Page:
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Whanake o te Kōpara case study - Daneka Geaney-Jones Hear from WOTK participant Daneka on her reflections post Wānanga tuarua

Whanake o te Kōpara case study - Daneka Geaney-Jones

Daneka's story - in her own words

Coming into Wānanga 2 I actually had mixed feelings. This was because I had stuff going on in my personal life, as well as high stress at mahi. This was making me worry I wouldn’t have the energy to give it, that I’d be feeling emotionally vulnerable, and that I’d walk away from the wānanga straight back into another week of mahi feeling more depleted.

I couldn’t have been more wrong, and it ended up being quite the opposite.

I walked away from wā 2 feeling tau, revitalized, re-energised and actually more confident and inspired to face the challenges in both my personal and mahi worlds.

It’s hard to describe W.O.T.K’s impact so far in mere words, because the impact for me is felt on a wairua level. It is due to the safe space that is created and upheld by each individual in our rōpū. So in saying this, I will do my best to describe this in words.

Once everyone was back together it felt like we went back into a natural flow easily. Adrenalin forest was a great activity to start on because it pushed us out of our comfort zones and encouraged both communication and team-work through cheering each other on and celebrating fears faced for some.

We then heard from Merran about her different experiences in the sector, I felt the experiences and teachings were easily transferable across to my mahi in the mental health sector. I think hearing someone’s lived or personal experiences is invaluable.

Ending our afternoon with Mau Rākau was a great way to expel any pent up energy from the classroom session and to get connected with our bodies and to feel rooted in Te Ao Māori, which is always important and an opportunity I think many of us do not get enough.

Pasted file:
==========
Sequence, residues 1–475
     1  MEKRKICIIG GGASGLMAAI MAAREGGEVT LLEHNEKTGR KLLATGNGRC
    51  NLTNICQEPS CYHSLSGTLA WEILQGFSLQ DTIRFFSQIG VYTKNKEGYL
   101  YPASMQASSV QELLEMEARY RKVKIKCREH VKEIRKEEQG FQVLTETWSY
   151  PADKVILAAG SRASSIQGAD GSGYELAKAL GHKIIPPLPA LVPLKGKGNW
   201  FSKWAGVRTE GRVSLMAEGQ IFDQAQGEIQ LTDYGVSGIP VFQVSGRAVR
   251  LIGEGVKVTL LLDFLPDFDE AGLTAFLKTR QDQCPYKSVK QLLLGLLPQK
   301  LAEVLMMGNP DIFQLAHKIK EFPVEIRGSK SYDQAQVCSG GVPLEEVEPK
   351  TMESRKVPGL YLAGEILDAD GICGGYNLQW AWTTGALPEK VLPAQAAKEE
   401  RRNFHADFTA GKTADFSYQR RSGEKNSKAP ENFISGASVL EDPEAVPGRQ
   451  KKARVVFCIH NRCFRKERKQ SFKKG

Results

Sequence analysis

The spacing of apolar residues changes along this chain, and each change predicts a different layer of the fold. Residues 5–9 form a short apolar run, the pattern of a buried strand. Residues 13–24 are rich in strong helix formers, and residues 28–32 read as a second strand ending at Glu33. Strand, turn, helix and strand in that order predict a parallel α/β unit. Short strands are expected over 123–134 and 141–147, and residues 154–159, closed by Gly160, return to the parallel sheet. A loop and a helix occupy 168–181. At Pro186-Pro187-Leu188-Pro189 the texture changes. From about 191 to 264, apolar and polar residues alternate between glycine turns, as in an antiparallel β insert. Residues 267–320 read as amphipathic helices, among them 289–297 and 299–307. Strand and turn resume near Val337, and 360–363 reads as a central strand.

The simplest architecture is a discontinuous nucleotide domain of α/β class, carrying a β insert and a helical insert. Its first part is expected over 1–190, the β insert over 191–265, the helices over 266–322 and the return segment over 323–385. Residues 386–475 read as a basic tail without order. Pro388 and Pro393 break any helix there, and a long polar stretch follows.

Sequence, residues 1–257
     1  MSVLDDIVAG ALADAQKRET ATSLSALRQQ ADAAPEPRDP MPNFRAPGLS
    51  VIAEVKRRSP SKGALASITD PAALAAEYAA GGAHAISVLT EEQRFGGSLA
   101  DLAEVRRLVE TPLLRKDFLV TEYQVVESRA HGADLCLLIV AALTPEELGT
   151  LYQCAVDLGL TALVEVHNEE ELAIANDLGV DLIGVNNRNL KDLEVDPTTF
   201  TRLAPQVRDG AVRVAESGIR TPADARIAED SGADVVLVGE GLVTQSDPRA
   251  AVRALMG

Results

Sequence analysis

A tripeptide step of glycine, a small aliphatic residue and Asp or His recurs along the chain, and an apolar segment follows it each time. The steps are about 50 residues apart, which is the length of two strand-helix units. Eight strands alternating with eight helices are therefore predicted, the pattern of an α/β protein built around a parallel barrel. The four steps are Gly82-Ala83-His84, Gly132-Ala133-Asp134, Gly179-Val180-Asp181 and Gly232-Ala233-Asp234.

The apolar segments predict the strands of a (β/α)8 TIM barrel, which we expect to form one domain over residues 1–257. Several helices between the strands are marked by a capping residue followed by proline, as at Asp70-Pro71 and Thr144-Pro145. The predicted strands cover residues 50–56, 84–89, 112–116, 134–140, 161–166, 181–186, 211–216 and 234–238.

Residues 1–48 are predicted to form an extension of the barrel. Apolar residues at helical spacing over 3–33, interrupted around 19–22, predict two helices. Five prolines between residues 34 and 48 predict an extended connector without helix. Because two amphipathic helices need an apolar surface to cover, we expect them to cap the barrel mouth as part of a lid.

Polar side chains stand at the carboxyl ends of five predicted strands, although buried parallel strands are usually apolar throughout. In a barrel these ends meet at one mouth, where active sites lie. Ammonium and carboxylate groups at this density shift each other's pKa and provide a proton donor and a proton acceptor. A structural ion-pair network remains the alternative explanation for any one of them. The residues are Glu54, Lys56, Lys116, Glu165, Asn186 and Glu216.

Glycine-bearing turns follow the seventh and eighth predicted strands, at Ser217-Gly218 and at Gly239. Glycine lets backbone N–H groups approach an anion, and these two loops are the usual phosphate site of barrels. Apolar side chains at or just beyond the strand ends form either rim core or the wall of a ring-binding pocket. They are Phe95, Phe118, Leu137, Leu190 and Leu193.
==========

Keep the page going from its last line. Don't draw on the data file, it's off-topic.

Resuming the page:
Cutting to day 2, in the interest of not dragging on. I think what I found to be most impactful was Junior’s kōrero and workshop.
I felt humbled, inspired and grateful to connect and hear about his mahi.

In particular, I have continued to reflect when working with rangatahi, whānau or community on making sure I ask myself: Am i doing this with them, about them, or for them?

Through the activities we did I realised that we are often always time poor, and so cut corners by making assumptions about what is best for the people we are serving. We might have the best of intentions in doing so but it was still very humbling to reflect on this.

I do believe every activity had a part to play in the outcome of the weekend but I will speak to the most impactful part of day 3 for me, which was the spoken poetry workshop with Daisy. At this point a safe space had already been created within the group, but on top of that Daisy facilitated this workshop in a way that created even more of a feeling of safety and not only helped all of us to connect on a deeper level with each other but I would say helped me to connect on a deeper level with myself. Allowing space, and having a tool to get words, feelings, and emotions out of paper was relieving and felt like a weight had been lifted off my shoulders.

Although there was a sense of heaviness due to high emotions in the room, there was an even bigger sense of comradery, and a level of respect that we would all hold each others vulnerabilities with care and compassion.

In conclusion – A question that may arise is, couldn’t these connections have been made and fostered between young women without W.O.T.K? Couldn’t we tap into other sources for these learnings?

My answer would be that I strongly believe no.
I stand by my reflection after that first wānanga that it was the first positive experience I’d had with a larger group of young women ever.
So many little, key things go into creating and fostering this environment and all work in unison, like the elements in tetramapping to create the overall experience.

Getting a group of young, like-minded wāhine from across the motu in a space together is one thing, but the facilitators themselves, the content and the whanaungatanga that is created is a completely unique experience that I feel is special and individual in many ways to W.O.T.K

I would hope so many other young women are given the opportunity to participate in W.O.T.K because not only will it benefit and impact so many individuals, but I already know the positive ripple effect it will have on their surrounding peers, communities and so forth.

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